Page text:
In 2014, she was captured and endured three months as a sex slave at the hands of the militants after they swept through the area of northern Iraq where she lived with her family.
She was bought and sold several times and subjected to sexual and physical abuse during her captivity.
— Al Jazeera English (@AJEnglish) October 5, 2018
She became an activist for the Yazidi people after escaping in November 2014, campaigning to help put an end to human trafficking and calling on the world to take a tougher line on rape as a weapon of war.
She is the first Iraqi to win the Nobel Peace Prize.
How was she captured?
She was 21 when IS militants attacked her village in northern Iraq, close to the border with Syria. The militants killed those who refused to convert to Islam, including six of her brothers and her mother.
After being captured, she was taken by force to Mosul, the de facto “capital” of IS’ self-declared caliphate.
There she was forced to convert to Islam and sold repeatedly for sex as part of IS’ slave trade.
In a 2017 memoir about her ordeal, she wrote: “At some point, there was rape and nothing else. This becomes your normal day.”
She initially tried to escape, but was immediately caught by one of the guards, she told the BBC in an interview in 2016.
#NobelPeacePrize: @NadiaMuradBasee & @DenisMukwege, I'm sure I speak for all human rights advocates when I say we salute you. We need more people like you to stand up the way you have for the rights of women, for the rights of everyone #StandUp4HumanRights https://t.co/kJV1XmWzRu pic.twitter.com/zZ8UgHCXiI
— Michelle Bachelet (@mbachelet) October 5, 2018
Who helped her escape?
Under their rules, she said, a captured woman became a spoil of war if she was caught trying to escape. She would be put in a cell and raped by all the men in the compound.
This is what happened to Ms Murad, who says the militants called this practice “sexual jihad”.
She says after this, she could not think of trying to escape again.
But later, the man she was staying with in Mosul, who lived alone, told her he was going to “sell” her on to someone else. Ms Murad said she had managed to leave the compound and stopped at a house to ask for help.
The Muslim family there said they had no connection with IS and helped her to escape. She managed to cross into Iraqi Kurdistan and found refuge in camps with other Yazidis. She later reached Europe and now lives in Germany.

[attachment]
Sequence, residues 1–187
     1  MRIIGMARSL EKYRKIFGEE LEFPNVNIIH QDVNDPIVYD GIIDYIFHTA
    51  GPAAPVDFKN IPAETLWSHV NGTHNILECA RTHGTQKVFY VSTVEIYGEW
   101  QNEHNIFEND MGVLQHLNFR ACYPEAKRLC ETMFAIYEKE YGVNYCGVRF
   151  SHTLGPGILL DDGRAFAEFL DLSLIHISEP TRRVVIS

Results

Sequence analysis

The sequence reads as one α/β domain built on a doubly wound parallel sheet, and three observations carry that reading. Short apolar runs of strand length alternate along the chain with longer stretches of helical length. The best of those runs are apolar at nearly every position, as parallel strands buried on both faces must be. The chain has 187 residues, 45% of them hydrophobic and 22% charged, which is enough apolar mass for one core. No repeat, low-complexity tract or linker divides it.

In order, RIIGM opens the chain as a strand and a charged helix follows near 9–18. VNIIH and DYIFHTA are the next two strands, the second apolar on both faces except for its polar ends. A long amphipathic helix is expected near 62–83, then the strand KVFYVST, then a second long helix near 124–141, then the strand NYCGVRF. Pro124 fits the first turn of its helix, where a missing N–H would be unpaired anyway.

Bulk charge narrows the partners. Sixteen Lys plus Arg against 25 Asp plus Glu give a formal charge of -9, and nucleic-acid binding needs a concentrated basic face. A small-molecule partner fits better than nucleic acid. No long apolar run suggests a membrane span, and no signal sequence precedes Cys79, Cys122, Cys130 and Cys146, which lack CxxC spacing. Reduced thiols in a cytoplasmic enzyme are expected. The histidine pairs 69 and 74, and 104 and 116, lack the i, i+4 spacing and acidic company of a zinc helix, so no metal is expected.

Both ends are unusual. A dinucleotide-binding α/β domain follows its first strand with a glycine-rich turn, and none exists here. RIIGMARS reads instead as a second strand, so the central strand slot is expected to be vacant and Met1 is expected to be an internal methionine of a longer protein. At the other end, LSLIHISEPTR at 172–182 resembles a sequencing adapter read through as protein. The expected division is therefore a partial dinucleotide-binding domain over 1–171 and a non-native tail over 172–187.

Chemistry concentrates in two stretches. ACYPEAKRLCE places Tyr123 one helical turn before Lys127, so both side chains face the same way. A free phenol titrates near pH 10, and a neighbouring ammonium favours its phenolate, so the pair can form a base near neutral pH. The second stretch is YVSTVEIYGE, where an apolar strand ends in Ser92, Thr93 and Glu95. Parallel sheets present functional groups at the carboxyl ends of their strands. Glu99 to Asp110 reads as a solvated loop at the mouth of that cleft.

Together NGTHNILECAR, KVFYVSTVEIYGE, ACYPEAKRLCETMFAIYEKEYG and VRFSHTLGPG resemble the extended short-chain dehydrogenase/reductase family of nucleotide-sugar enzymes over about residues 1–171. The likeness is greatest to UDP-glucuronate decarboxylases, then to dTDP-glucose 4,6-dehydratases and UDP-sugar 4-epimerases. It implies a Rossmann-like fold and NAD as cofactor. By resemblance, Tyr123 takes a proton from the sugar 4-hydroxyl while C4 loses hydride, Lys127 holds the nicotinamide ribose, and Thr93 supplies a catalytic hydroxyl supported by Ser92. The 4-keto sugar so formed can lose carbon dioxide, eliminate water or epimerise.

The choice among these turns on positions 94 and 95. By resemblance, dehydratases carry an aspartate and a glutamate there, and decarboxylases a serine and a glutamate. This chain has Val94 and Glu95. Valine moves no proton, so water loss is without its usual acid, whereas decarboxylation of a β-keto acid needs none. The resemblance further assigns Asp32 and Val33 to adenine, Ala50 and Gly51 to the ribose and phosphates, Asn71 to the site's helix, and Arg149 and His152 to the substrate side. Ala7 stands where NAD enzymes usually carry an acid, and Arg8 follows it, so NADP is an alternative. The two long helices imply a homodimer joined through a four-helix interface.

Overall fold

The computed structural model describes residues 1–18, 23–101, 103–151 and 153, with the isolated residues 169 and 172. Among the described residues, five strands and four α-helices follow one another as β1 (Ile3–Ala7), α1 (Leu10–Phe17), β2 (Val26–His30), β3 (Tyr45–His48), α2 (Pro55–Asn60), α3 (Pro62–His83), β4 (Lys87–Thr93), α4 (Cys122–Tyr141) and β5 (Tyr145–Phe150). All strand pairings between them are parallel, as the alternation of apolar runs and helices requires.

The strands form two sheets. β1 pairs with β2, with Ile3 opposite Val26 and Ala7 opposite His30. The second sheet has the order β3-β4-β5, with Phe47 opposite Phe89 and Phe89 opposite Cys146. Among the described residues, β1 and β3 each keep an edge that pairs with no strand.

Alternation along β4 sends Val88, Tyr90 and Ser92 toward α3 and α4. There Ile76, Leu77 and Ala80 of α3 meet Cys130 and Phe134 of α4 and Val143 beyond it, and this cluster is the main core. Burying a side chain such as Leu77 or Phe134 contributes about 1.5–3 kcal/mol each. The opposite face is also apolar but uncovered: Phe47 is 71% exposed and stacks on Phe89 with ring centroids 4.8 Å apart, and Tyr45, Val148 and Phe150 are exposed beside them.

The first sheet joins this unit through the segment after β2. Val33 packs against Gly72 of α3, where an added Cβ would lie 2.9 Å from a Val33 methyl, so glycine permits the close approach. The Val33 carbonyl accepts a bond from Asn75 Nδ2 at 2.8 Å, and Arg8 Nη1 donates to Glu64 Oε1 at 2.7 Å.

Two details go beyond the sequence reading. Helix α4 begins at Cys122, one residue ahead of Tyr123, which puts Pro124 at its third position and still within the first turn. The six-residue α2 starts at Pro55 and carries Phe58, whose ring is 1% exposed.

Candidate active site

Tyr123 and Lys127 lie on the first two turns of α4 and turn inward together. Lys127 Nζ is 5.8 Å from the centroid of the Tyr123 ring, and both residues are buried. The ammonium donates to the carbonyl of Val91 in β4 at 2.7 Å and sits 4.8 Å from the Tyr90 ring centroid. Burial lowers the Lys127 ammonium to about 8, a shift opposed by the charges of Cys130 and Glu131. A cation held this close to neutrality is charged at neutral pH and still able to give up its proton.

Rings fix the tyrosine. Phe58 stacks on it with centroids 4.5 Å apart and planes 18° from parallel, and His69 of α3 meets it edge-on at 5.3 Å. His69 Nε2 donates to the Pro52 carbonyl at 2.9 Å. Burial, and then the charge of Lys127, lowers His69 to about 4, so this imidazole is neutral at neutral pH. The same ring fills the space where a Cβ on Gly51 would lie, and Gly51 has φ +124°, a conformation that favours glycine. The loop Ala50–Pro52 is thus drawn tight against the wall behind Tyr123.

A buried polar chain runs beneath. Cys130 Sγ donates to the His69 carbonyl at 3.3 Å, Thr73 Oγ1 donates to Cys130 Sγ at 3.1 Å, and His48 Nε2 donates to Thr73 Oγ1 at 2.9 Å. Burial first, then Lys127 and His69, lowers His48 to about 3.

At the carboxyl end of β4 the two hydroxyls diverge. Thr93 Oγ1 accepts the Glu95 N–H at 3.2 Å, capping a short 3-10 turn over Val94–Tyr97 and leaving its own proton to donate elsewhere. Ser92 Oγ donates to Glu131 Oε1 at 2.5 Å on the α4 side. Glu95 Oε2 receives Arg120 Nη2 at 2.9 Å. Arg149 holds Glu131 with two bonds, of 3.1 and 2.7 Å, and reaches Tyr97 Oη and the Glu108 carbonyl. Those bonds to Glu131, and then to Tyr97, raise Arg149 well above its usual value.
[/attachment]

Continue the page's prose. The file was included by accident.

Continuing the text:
"While today’s #NobelPeacePrize is about sexual violence in wars, it should spur efforts to fight sexual violence & harassment everywhere. In times of war & peace, survivors should be heard & those responsible should face justice" @belkiswille @ida_sawyer https://t.co/cNyVFUf3Ro pic.twitter.com/cWoTUI2pxC
— Human Rights Watch (@hrw) October 5, 2018
How else has she been honoured as a campaigner?
She has continued to campaign for the thousands of women who are still believed to be held captive by IS.
She was awarded the Vaclav Havel Human Rights Prize by the Council of Europe in 2016, and called for an international court to judge crimes committed by IS in her acceptance speech in Strasbourg.
That same year, she was also awarded the Sakharov Prize for Freedom of Thought by the European Parliament.
She was named the UN’s first goodwill ambassador for survivors of human trafficking later that year.
It was the first time a survivor of atrocities was awarded the distinction”, the UN said at the time.
A Yazidi woman who was tortured and raped by Islamic State (IS) group militants has won a human rights award.
Iraqi activist Nadia Murad was awarded the Vaclav Havel Human Rights Prize by the Council of Europe.
Miss Murad became the face of a campaign to free the Yazidi people and stop human trafficking after escaping IS in November 2014.
The 23-year-old had been captured and enslaved three months earlier along with about 5,000 women and girls.
— AFP news agency (@AFP) October 5, 2018
During her months in captivity, she was bought and sold several times, and subjected to sexual and physical abuse at the hands of the jihadists.
Miss Murad, who was named a United Nations goodwill ambassador in September, called for the creation of an international court to judge crimes committed by IS extremists in her acceptance speech in Strasbourg.
She went on to brand IS’s attack on the Yazidi a “genocide”, adding: “The free world is not reacting.”
The award, which honours outstanding civil society action in defence of human rights, comes with prize money of 60,000 euros (£54,250;$67,000).